Is Physical Therapy Pain Normal?

Physical therapy should never go from discomfort and pain to real pain. Learn what's normal when it comes to physical therapy pain from an expert.

Is Physical Therapy Pain Normal?

Physical therapy should never go from discomfort and pain to real pain. The moment you start to experience real pain is the time you should stop your physical therapy regimen and consult with your therapist. You may need to modify your regimen to achieve your goals without creating pain or causing more harm. Physical therapy doesn't hurt if it's done by a certified physical therapist.

The expression “without pain there is no gain” may be familiar to you, and while catchy, it can contribute to a harmful mindset. It also causes people to hesitate or stop physical health changes because they are afraid of the discomfort they may feel. Interestingly, while it means that physical therapy can lead to a traumatic experience, the opposite is true. It's much more likely to worsen injuries and prolong the discomfort and pain you're already feeling if you avoid care at a physical therapy center.

This is a controlled injury, just like surgery is controlled damage to the body in order to heal. The normal and natural result of strengthening is pain or a low level of pain in the general muscle area the next day or two, and pain is experienced mainly when using the muscle (see microtrauma above). However, the muscle heals in the next 24 to 48 hours and can function better, and therefore, during the eight weeks, the muscle becomes stronger. You can do more work for longer periods of time.

Injured muscle fibers are completely healed, so there is no more pain, unless the muscle is overused in a single macrotrauma or in a repetitive microtrauma. Many patients think physical therapy is going to be a walk in the park, and many are surprised at how difficult it is. So, is it normal to feel pain after physical therapy? Yes, as long as the pain is good and is resolved with simple actions such as resting, applying ice or light stretching. Suspension therapy has helped patients to accelerate their healing time and to have a more comfortable physical therapy experience.

As you move forward, the situation gets worse, but you don't want to embarrass yourself or make your therapist feel bad, so you don't say anything. That's a good question, because physical therapy is often used after traumatic events or certain painful health conditions. Pace Physical Therapy in San Jose, California specializes in postoperative rehabilitation and recovery therapies. The problem is that keeping silent about physical therapy pain can lead to worsening discomfort and even additional injuries.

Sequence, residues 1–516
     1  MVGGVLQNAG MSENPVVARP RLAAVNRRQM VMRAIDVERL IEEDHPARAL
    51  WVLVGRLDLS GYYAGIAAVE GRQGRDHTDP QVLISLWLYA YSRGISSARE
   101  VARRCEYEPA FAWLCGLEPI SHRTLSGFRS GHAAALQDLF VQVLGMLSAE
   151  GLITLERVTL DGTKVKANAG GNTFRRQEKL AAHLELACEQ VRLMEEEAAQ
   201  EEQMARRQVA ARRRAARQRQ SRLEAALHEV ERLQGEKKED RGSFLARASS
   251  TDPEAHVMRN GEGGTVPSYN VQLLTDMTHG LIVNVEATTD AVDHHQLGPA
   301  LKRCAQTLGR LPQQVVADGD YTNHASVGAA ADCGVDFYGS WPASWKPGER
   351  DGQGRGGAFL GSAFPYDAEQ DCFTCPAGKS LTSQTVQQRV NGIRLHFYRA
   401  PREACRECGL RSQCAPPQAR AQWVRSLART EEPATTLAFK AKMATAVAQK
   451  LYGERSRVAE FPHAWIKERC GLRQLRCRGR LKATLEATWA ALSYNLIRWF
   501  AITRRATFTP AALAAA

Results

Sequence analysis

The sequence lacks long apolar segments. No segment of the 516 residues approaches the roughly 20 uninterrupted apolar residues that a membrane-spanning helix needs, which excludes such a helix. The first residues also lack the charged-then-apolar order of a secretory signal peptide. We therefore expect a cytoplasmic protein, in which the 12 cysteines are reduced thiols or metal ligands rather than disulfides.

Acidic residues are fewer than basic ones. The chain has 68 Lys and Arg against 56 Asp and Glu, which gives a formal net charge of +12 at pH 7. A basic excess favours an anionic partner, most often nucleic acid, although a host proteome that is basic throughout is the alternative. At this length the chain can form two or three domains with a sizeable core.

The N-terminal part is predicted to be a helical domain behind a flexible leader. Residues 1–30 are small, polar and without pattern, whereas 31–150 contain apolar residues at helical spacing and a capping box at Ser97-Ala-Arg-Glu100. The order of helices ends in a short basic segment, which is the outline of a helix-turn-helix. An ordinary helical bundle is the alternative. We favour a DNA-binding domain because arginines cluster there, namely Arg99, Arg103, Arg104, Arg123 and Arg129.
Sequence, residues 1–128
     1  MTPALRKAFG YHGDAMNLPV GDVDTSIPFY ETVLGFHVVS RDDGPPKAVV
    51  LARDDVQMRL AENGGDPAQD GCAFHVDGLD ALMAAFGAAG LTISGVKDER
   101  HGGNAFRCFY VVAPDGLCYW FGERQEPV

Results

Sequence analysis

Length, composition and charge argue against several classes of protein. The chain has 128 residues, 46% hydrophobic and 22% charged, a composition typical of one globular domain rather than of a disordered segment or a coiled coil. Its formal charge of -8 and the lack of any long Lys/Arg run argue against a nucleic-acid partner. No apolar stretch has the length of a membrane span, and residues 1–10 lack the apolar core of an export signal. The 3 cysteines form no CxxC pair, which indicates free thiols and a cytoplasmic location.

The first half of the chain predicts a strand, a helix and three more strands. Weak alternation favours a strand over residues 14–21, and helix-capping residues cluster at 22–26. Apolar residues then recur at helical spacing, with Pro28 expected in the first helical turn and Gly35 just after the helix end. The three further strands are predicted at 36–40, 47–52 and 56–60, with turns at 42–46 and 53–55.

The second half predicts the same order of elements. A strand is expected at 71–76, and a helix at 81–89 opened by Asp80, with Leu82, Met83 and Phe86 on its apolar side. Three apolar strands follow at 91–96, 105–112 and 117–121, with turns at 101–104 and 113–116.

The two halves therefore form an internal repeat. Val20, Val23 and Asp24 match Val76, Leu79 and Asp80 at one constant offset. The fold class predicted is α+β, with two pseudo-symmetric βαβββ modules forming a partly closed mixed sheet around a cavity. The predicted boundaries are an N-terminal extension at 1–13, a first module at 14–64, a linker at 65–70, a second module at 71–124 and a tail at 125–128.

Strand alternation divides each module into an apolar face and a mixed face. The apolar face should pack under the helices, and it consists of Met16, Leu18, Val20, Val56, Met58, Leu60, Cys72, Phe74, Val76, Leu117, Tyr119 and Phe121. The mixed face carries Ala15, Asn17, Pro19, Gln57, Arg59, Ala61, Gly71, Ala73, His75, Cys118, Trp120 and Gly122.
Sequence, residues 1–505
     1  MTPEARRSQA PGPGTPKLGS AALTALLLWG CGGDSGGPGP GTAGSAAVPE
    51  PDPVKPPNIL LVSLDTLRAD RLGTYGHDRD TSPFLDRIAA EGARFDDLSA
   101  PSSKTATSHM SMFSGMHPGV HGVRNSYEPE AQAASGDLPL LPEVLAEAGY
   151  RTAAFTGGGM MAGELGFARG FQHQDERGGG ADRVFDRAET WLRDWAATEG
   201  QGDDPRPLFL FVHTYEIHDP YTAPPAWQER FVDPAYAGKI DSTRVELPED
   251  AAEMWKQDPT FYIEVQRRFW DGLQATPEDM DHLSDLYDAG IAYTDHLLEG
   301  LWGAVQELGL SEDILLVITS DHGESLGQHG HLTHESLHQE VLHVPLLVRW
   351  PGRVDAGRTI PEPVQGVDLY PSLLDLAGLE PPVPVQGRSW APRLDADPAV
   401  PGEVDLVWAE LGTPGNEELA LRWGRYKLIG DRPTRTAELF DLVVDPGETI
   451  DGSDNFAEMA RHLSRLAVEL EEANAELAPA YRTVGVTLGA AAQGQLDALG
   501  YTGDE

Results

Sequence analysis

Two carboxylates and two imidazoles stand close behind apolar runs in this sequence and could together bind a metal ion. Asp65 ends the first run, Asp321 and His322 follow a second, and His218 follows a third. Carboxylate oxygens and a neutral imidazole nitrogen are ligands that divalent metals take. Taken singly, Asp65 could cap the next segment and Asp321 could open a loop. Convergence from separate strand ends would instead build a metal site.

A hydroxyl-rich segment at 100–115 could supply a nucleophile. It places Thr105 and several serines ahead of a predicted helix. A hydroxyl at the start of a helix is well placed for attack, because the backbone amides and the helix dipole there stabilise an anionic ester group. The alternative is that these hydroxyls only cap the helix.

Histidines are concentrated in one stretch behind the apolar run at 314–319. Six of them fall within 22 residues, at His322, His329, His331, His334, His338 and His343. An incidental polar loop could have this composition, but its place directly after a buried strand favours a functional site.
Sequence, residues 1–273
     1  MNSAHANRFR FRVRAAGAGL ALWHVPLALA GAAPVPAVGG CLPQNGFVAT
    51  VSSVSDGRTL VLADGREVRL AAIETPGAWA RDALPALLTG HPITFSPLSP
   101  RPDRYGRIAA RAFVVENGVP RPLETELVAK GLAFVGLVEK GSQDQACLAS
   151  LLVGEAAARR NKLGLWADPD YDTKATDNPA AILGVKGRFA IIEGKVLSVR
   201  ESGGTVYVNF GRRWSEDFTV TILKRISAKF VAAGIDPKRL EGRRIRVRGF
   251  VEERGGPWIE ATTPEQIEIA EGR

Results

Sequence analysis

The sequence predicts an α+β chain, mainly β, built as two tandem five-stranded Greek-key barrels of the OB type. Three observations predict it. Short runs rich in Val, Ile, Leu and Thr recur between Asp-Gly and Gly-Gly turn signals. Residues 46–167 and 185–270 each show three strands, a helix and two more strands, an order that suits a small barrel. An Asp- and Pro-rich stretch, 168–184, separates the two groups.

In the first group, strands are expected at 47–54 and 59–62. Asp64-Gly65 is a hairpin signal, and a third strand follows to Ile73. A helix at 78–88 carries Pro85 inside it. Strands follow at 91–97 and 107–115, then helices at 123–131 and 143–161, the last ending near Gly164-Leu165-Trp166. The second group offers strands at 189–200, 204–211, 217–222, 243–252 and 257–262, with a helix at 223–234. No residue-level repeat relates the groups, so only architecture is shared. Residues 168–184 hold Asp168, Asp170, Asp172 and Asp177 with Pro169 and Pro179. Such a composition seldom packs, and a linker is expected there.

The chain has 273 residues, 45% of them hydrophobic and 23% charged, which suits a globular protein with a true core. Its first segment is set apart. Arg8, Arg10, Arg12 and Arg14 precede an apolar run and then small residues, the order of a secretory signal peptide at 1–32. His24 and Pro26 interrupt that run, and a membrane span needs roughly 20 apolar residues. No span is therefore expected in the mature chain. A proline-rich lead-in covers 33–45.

Each person's unique experiences, physiology, psychology, injuries, personality, and more will determine how they respond to physical therapy. Instead, adopt physical therapy as your own personal journey to healing and look for a physical therapist who is willing and able to work with you as an individual. The best course of action, in that case, is to call your doctor or physical therapist and schedule an appointment. While many patients perceive physical therapy as a process that increases pain (physical therapists are sometimes jokingly referred to as “torturing patients”), the reality is that the purpose of physical therapy is to reduce pain, not increase it.

The same goes for pain after a physical therapy session: feeling mild (and sometimes moderate) pain the day after the session is probably beneficial and, in general, is a good sign that the body can respond appropriately. Because of the intention of this type of treatment, which involves a physical challenge for muscles, joints, tendons, etc., it's normal for people to experience some level of discomfort during their sessions. However, if this discomfort turns into real pain then it's time for you to stop your regimen and consult with your therapist.